Yun Hyong-keun

One of the most significant Korean artists of the twentieth century, Yun Hyong-keun (1928-2007) completed his studies in Seoul following the Korean War. From the 1960s onwards, he became associated with the influential Dansaekhwa or "monochrome painting" movement, which prioritized technique and process.

 

Using a restricted palette, Yun applied layers of pigment to raw canvas in vertical or horizontal bands interspersed with blank space; working on his studio floor, he diluted the paint with turpentine so that it would gradually bleed into the support. On a visit to New York in 1974, Yun met Donald Judd, who was to host his first solo exhibitions in the United States at his spaces at 101 Spring Street in New York and at the Chinati Foundation in Marfa in Texas during the 1990s.

 

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For more information about available works, please contact inquiries@davidzwirner.com

Location

537 West 20th Street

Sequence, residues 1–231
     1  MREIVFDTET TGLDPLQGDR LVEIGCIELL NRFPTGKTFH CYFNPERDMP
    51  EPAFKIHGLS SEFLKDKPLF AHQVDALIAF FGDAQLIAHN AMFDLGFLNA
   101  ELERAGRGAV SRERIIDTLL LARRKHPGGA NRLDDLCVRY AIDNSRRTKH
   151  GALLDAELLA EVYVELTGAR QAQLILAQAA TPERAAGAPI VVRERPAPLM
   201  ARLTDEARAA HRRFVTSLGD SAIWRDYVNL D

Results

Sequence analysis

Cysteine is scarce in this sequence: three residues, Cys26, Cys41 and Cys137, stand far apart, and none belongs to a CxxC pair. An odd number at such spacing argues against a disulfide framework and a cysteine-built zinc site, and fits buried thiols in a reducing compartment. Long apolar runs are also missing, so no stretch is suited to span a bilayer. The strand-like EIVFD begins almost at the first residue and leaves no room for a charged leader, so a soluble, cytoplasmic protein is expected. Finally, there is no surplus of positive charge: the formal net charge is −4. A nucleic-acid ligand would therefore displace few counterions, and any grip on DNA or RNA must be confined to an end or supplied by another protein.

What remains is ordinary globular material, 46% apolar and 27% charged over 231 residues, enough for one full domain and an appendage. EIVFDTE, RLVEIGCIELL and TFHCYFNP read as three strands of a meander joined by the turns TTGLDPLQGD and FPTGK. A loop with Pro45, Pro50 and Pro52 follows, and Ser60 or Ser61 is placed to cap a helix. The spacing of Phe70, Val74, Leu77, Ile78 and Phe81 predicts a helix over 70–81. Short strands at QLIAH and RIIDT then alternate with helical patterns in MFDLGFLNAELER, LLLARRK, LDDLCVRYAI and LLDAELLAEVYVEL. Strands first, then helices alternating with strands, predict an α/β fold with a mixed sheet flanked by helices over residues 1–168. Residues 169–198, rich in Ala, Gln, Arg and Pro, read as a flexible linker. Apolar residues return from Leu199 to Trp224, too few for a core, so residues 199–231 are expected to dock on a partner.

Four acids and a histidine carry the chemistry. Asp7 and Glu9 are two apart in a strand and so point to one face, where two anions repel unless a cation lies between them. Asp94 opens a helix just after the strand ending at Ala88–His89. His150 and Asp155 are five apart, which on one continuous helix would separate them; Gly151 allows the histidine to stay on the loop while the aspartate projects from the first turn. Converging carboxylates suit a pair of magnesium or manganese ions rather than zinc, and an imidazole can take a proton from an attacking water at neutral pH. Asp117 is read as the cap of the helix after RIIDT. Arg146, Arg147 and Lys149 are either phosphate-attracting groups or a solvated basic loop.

New York
XX

Dates

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Yun Hyong-keun
Burnt Umber & Ultramarine, 1976
71 1/2 x 90 1/4 x 1 1/4 inches (181.6 x 229.2 x 3.2 cm)

This is the gallery’s first exhibition of Yun’s work since announcing representation of his work in New York, and the largest ever show by the artist in North America. Made in the 1970s and 1980s, the paintings on view reflect Yun's search for a balance between the material and immaterial.

Yun Hyong-keun
Umber-Blue, 1977
80 5/8 x 55 3/4 x 1 1/4 inches (204.8 x 141.6 x 3.2 cm)
Yun Hyong-keun
Burnt Umber & Ultramarine, 1978
72 1/2 x 90 3/4 x 1 1/4 inches (184.2 x 230.5 x 3.2 cm)
Yun Hyong-keun
Umber-Blue, 1978
110 1/4 x 59 3/8 x 1 1/4 inches (280 x 150.8 x 3.2 cm)
Yun Hyong-keun
Burnt Umber & Ultramarine Blue, 1988
89 1/4 x 63 3/4 x 1 7/8 inches (226.7 x 161.9 x 4.8 cm)
Yun Hyong-keun
Umber, 1988-1989
80 3/4 x 131 1/4 x 2 3/4 inches (205.1 x 333.4 x 7 cm)
Yun Hyong-keun
Burnt Umber, 1989
81 x 131 1/4 x 2 3/4 inches (205.7 x 333.4 x 7 cm)